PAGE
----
Even by 1935, just the second year of the new formula, the power outputs of the V16 Type B Auto Unions and straight eight W25 Mercedes were nudging 400bhp. They had independent suspension, five speed gearboxes and a power advantage over the live axle, leaf sprung, four speed Tipo B of at least 100bhp. For the home teams lining up on the hallowed soil of the Nürburgring, the 1935 German Grand Prix was looking like a turkey shoot.

Three of Ferrari’s Alfas lined up against nine entries from the German teams – five from Mercedes, four for Auto Union. The driver line ups were no less dazzling: for Mercedes came Caracciola, Fagioli, von Brauchitsch and Lang, for Auto Union Rosemeyer, Stuck and Varzi. Ferrari had Chiron, Brivio and, of course, Tazio Nuvolari. Aged 43 he was – and by some margin – older than any of the German team drivers.

Race day dawned for the teams and 250,000 spectators under leaden skies and pouring rain, which only stopped just before the start.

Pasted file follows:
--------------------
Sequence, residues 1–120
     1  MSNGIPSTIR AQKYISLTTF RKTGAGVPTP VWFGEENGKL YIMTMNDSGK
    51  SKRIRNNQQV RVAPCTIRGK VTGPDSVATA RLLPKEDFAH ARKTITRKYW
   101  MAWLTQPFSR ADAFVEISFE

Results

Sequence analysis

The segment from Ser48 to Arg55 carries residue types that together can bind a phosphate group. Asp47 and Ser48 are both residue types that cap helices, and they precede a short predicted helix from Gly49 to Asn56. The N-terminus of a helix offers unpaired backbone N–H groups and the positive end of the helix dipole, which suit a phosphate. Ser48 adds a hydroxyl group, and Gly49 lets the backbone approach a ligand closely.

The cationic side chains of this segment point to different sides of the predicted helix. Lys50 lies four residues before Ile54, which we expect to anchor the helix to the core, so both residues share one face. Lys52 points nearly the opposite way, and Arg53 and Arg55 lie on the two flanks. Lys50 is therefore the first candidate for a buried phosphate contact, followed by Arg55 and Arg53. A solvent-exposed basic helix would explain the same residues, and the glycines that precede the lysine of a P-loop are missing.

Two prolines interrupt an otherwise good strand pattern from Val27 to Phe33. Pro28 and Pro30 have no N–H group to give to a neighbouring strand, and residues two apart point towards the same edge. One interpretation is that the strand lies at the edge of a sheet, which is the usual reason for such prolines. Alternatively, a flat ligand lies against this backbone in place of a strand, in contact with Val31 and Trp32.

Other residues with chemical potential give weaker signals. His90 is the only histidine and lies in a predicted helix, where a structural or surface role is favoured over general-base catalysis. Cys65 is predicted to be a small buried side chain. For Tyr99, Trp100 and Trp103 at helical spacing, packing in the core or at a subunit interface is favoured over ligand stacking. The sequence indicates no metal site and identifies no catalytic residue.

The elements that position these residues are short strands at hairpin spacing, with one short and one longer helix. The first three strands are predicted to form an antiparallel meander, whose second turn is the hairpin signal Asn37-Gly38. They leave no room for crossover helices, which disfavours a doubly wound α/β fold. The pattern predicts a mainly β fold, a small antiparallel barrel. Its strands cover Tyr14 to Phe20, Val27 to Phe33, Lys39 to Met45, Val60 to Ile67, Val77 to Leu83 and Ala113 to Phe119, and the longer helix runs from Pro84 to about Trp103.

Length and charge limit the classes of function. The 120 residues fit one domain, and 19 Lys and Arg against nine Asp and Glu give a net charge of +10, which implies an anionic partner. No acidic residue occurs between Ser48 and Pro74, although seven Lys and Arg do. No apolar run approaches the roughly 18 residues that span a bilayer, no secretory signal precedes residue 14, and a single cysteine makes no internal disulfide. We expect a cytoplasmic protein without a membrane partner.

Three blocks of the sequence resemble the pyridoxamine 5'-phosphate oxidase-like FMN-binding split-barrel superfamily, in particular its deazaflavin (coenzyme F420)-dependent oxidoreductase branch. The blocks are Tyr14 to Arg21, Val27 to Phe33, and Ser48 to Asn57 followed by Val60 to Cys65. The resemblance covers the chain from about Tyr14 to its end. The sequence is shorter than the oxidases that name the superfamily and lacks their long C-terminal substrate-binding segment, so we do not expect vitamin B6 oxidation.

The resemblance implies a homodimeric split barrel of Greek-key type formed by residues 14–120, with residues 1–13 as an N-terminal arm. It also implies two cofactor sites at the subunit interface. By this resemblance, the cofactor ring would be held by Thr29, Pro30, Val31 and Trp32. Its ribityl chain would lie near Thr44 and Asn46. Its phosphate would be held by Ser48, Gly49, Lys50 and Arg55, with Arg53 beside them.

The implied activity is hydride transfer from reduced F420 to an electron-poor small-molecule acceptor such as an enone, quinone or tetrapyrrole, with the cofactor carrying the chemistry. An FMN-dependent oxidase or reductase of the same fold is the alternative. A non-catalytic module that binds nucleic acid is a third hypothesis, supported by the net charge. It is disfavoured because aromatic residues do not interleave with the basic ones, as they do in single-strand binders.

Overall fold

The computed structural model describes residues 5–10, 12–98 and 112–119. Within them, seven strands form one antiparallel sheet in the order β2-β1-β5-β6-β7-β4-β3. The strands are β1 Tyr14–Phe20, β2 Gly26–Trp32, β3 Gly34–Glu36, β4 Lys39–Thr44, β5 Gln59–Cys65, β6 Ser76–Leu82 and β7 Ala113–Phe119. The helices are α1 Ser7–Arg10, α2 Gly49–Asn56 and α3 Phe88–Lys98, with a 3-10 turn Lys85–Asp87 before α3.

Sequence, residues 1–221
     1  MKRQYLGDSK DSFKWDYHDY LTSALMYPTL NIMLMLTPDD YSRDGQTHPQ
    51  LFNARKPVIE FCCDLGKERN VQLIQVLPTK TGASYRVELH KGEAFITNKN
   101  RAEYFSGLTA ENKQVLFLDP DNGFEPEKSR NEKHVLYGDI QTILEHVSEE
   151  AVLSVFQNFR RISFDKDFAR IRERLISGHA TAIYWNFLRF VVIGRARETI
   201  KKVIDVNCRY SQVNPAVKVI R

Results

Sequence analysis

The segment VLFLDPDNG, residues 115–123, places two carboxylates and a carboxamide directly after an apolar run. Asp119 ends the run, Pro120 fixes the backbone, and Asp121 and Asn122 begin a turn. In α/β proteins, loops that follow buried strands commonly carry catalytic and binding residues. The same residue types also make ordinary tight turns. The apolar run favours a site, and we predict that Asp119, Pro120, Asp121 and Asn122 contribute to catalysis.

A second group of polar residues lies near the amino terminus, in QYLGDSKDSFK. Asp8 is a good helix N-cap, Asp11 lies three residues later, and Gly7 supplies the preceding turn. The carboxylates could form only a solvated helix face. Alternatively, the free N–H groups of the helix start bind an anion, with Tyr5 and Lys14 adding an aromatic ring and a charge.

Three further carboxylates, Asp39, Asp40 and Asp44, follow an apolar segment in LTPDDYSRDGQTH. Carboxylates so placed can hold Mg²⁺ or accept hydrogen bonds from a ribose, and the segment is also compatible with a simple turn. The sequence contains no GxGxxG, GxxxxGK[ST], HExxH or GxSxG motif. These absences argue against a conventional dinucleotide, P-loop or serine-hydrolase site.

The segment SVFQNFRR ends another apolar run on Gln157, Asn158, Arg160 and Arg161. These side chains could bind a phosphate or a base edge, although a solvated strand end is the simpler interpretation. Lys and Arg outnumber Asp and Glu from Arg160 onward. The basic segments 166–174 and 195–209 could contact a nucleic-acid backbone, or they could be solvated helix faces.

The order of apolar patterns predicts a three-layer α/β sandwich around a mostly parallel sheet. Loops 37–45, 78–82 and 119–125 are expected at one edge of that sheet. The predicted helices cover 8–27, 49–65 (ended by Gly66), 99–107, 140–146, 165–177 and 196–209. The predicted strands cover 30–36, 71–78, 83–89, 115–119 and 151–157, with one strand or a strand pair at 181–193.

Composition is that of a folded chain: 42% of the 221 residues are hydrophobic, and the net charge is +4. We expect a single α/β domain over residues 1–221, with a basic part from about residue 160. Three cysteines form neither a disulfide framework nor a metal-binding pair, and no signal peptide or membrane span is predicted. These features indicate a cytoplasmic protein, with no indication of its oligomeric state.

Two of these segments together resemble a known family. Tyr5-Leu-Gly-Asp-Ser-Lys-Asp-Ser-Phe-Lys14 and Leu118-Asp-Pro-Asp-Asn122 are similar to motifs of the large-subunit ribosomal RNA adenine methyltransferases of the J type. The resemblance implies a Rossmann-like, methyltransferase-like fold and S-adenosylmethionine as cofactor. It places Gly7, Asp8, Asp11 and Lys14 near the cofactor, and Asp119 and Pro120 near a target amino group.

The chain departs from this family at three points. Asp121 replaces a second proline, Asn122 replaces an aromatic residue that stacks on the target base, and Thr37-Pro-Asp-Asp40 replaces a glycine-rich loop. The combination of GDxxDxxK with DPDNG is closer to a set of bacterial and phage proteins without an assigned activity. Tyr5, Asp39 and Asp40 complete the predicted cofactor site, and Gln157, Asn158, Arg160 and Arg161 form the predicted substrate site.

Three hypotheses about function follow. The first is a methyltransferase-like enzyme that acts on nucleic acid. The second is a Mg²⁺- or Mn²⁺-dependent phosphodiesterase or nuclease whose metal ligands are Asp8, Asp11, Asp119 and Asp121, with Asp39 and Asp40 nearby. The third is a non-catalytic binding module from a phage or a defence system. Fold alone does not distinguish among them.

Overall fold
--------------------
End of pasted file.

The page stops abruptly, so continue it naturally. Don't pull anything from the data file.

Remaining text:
The grid was decided by lottery with Nuvolari fortunate to be in the middle of the front row, though this mattered little because at the flag fall it was Caracciola’s monstrous W25 starting from seventh place that streaked into the lead. By the end of the first lap he was 12 seconds clear of Nuvolari, the only non-German car in the top five. A lap later Nuvolari was fifth having spun at Bergwerk, over 40 seconds off the lead, and by lap four the gap was over a minute. By lap six both other Alfas were out, leaving Nuvolari’s as Ferrari’s last, a scarlet, aged blob of hope, set adrift in a raging, rampant sea of silver.

Which appears to be just the kind of challenge he was after. By lap seven he was third and somewhat improbably given the raw material at his disposal, the fastest car on circuit. On lap nine third became second behind Caracciola, with Nuvolari the only driver on the track to lap in under 11 minutes, and a barely believable 28 seconds quicker than Caracciola. On lap 10 he took the lead to the incredulity of the crowd, the home teams and the multitude of Nazi officials there to milk what had appeared to be an inevitable German victory.